Eric C. Miller is Associate Professor in the Department of Communication Studies at Bloomsburg University of Pennsylvania. A contributor at Religion Dispatches and Religion & Politics, his research area sits amid Christian rhetoric and public advocacy.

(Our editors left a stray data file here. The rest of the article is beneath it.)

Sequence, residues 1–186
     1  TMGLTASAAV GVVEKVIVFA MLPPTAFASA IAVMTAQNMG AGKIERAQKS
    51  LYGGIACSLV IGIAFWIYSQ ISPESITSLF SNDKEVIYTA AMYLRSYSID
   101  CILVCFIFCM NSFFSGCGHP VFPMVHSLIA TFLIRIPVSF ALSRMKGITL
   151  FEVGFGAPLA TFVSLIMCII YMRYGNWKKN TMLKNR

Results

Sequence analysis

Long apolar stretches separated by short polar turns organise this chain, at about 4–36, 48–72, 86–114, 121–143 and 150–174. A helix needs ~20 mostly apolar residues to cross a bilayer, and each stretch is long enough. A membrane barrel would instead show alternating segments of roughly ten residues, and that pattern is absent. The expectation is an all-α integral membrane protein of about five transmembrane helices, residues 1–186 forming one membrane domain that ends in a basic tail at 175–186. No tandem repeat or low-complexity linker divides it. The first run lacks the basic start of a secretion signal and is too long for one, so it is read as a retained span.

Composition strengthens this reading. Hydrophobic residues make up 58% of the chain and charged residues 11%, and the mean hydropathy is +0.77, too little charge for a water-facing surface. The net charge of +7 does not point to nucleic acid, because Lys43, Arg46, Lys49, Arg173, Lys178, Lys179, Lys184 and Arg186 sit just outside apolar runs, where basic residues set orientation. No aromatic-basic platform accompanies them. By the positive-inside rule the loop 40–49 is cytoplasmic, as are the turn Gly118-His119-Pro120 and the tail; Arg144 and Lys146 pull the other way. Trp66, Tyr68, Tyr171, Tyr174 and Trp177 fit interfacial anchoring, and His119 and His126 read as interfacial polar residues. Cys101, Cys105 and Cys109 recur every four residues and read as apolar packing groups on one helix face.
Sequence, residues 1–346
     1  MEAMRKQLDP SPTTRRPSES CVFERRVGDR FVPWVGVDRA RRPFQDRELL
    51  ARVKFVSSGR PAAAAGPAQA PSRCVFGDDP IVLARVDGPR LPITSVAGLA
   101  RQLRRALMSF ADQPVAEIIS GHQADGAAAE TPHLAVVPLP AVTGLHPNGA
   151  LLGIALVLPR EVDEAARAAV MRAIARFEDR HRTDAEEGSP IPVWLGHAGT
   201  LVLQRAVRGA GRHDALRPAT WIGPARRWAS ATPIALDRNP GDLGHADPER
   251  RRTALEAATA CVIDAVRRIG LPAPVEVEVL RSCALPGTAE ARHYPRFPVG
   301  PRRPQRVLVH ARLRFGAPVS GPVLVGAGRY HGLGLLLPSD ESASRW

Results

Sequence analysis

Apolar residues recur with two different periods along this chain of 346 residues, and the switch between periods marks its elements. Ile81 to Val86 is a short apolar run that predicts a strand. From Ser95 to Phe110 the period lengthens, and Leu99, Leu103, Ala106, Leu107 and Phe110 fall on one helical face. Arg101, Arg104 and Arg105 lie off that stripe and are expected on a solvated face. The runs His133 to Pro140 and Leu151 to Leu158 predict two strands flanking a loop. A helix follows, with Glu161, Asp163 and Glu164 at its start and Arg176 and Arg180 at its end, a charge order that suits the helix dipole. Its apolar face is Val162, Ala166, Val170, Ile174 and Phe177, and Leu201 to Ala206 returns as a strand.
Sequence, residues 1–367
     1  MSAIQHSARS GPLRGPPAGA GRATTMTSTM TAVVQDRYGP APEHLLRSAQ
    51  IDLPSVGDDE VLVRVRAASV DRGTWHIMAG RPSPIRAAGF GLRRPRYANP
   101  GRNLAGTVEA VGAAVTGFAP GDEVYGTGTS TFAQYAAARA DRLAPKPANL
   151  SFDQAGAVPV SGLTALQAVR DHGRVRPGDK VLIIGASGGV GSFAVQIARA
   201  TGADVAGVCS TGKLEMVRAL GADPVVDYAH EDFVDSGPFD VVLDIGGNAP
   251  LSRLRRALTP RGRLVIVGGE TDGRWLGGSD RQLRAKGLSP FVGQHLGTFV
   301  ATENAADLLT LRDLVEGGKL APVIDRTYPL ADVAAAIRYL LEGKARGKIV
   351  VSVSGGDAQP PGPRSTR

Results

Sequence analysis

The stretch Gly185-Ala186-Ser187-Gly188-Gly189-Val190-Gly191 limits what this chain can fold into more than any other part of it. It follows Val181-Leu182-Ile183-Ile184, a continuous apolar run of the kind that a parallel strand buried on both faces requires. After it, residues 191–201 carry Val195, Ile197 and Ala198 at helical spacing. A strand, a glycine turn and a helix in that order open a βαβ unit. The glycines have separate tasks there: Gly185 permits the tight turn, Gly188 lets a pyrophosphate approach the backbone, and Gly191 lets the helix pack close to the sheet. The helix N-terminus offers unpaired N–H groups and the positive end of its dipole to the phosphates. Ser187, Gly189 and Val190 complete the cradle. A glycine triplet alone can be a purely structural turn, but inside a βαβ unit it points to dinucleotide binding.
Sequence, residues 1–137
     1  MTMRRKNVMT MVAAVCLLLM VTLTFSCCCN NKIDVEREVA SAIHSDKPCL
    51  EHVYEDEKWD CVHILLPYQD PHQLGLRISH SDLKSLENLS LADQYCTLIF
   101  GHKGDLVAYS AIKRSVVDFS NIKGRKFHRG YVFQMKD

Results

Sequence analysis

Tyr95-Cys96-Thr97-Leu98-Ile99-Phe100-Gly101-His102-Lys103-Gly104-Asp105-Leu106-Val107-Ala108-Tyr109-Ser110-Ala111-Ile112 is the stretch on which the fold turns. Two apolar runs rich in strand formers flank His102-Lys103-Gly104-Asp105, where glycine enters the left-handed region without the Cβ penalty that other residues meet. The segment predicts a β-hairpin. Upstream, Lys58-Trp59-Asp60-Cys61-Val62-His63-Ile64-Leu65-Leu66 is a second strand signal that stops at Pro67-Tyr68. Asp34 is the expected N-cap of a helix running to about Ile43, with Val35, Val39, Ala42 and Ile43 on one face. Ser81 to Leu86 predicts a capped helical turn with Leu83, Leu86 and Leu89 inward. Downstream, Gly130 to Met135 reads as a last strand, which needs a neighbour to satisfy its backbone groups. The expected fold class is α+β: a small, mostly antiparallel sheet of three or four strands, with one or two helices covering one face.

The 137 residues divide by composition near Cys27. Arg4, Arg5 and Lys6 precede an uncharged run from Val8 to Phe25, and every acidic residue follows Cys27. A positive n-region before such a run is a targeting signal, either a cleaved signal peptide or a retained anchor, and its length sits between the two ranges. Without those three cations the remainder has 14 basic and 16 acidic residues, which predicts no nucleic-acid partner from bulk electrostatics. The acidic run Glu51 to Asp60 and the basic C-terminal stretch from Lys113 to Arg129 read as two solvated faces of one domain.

Despite boasting a rich, 2500 year history, rhetoric is dogged by negative associations and misunderstanding. When it is invoked at all, it usually appears alongside qualifiers such as “only” or “empty.” It is commonly used as a synonym for insincere or deceptive speech. Even in many academic contexts, rhetoric is understood as little more than a counterpart to philosophy. But for rhetorical scholars, rhetoric is much more involved – and much more important – than these perceptions allow. They understand rhetoric as the theory and practice of symbolic expression. In that sense, it infuses and constitutes everything that humans think, say, and claim to know. It is architectonic in that it supplies the building blocks of all other knowledge. This foundational quality demands attention.
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